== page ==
Researchers here at the Department of Neurosurgery are working on an unconventional technique that gives new hope for the treatment of spinal cord injuries; spinal cord bypass surgery.
Christopher J. Winfree, M.D. from the Peripheral Nerve Center and Alfred T. Ogden, M.D. from the Spine Center, together with chief resident Raqeeb Haque, MD, and junior resident Hani Malone, MD, have just published their research in the Journal of Neurosurgery: Spine.
To understand what they are working on, it is important, first, to be able to visualize the body’s nervous system. Here is an exercise to help: Imagine a tall tree with no leaves but with four big branches coming off its main trunk; those branches, in turn, branch into ever smaller branches. Now, turn that imaginary tree upside down and bundle all the roots together into one big root ball–or brain; take the four main branches and arrange them into two arms and two legs coming off of the main trunk-or spinal cord; and you have a pretty good approximation of what the human nervous system looks like.
This system, in the human body, has an amazing capacity to heal when injured; if one of the branches is cut, even deeply, it can heal and grow back together. Unfortunately, if the trunk is cut, it will not grow back together.
The unique thing about the human body though, is that even though the trunk (or spinal cord) is severed it can remain healthy both above and below the cut. The problem is that the cut prevents the brain from communicating with the lower part.
That is why when the spinal cord is severed there is no movement below that level of injury and the disability is more than likely permanent.
What spinal cord bypass surgery is attempting to do (again using the tree analogy) is to take smaller branches from above the level of the cut, that are still healthy and in communication with the brain, bend them down across the cut, and insert them (or graft them) into the still healthy but disconnected lower part of the spinal cord. The idea is to re-establish communication between the brain and the lower part of the spinal cord, and thus regain movement and feeling below the level of injury.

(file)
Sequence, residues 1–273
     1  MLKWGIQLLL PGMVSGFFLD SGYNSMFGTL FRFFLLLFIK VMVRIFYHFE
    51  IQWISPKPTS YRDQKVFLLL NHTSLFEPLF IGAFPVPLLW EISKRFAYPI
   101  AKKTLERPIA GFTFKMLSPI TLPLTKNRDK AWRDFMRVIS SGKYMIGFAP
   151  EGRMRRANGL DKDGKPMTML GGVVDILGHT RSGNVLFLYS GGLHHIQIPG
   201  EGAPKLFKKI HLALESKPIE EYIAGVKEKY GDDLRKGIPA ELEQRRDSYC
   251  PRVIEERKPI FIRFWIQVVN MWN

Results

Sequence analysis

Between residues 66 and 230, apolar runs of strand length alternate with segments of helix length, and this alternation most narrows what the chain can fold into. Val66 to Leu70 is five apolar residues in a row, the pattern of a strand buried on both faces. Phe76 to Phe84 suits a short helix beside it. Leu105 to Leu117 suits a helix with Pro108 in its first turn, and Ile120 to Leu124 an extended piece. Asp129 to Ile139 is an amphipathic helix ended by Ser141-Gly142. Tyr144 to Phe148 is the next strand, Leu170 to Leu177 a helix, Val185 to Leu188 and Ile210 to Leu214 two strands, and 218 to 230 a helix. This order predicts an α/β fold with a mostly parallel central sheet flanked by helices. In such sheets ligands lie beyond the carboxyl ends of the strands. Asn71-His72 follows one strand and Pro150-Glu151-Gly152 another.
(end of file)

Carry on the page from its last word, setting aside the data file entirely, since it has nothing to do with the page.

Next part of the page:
The complexity of the actual procedure in question is, of course, far beyond this simple tree analogy and will take many brilliant minds and much research to figure out.
Researchers here at Columbia, including neurosurgery residents Raqeeb Haque, M.D., and Hani Malone, M.D., with neurosurgeons Christopher J. Winfree, M.D. and Alfred T. Ogden, M.D., have begun to map out the feasibility and particulars of such a procedure on human cadavers.
Their work, Spinal cord bypass surgery with intercostal and spinal accessory nerves: an anatomical feasibility study in human cadavers a Laboratory investigation,* was published in the January issue of the Journal of Neurosurgery: Spine.
Dr. Raqeeb Haque, the study’s principal investigator and Chief neurosurgery resident says, “We spent many countless hours in anatomy and cadaver labs harvesting and measuring nerves. We were looking at the anatomic feasibility of using intercostal and spinal accessory nerves as potential nerve bridges.” [The image above left shows an intercostal nerve being used in the lower spinal cord–these are long thin nerves that run along the rib cage.]
According to Dr. Haque, the results were better than expected; both nerve types were long enough to be diverted over to the spinal cord. Furthermore, he says, “Our pathology slides showed there was enough “bandwidth” for it work.” In other words, even though the nerves thinned out [like branches do as they leave the trunk] they were still thick enough to be useful for implantation.
Dr. Haque plans to continue this research and says he is cautiously optimistic that one day it will translate into an improved quality of life for those devastated by spinal cord injury. “If we can get even partial movement of hands or legs, combined with intense physical and rehabilitative therapy we can hopefully have a patient use the small movements to control a lever on a wheelchair.”
You can read the article here as it was published on-line December 2, 2011; DOI: 10.3171/2011.9.SPINE10378.
*Co-authors include Raqeeb Haque, M.D., Hani Malone, M.D., Martin W. Bauknight, B.A., Michael A. Kellner, B.A., Alfred T. Ogden, M.D., John H. Martin, Ph.D., Kurenai Tanji, M.D., Ph.D., and Christopher J. Winfree, M.D..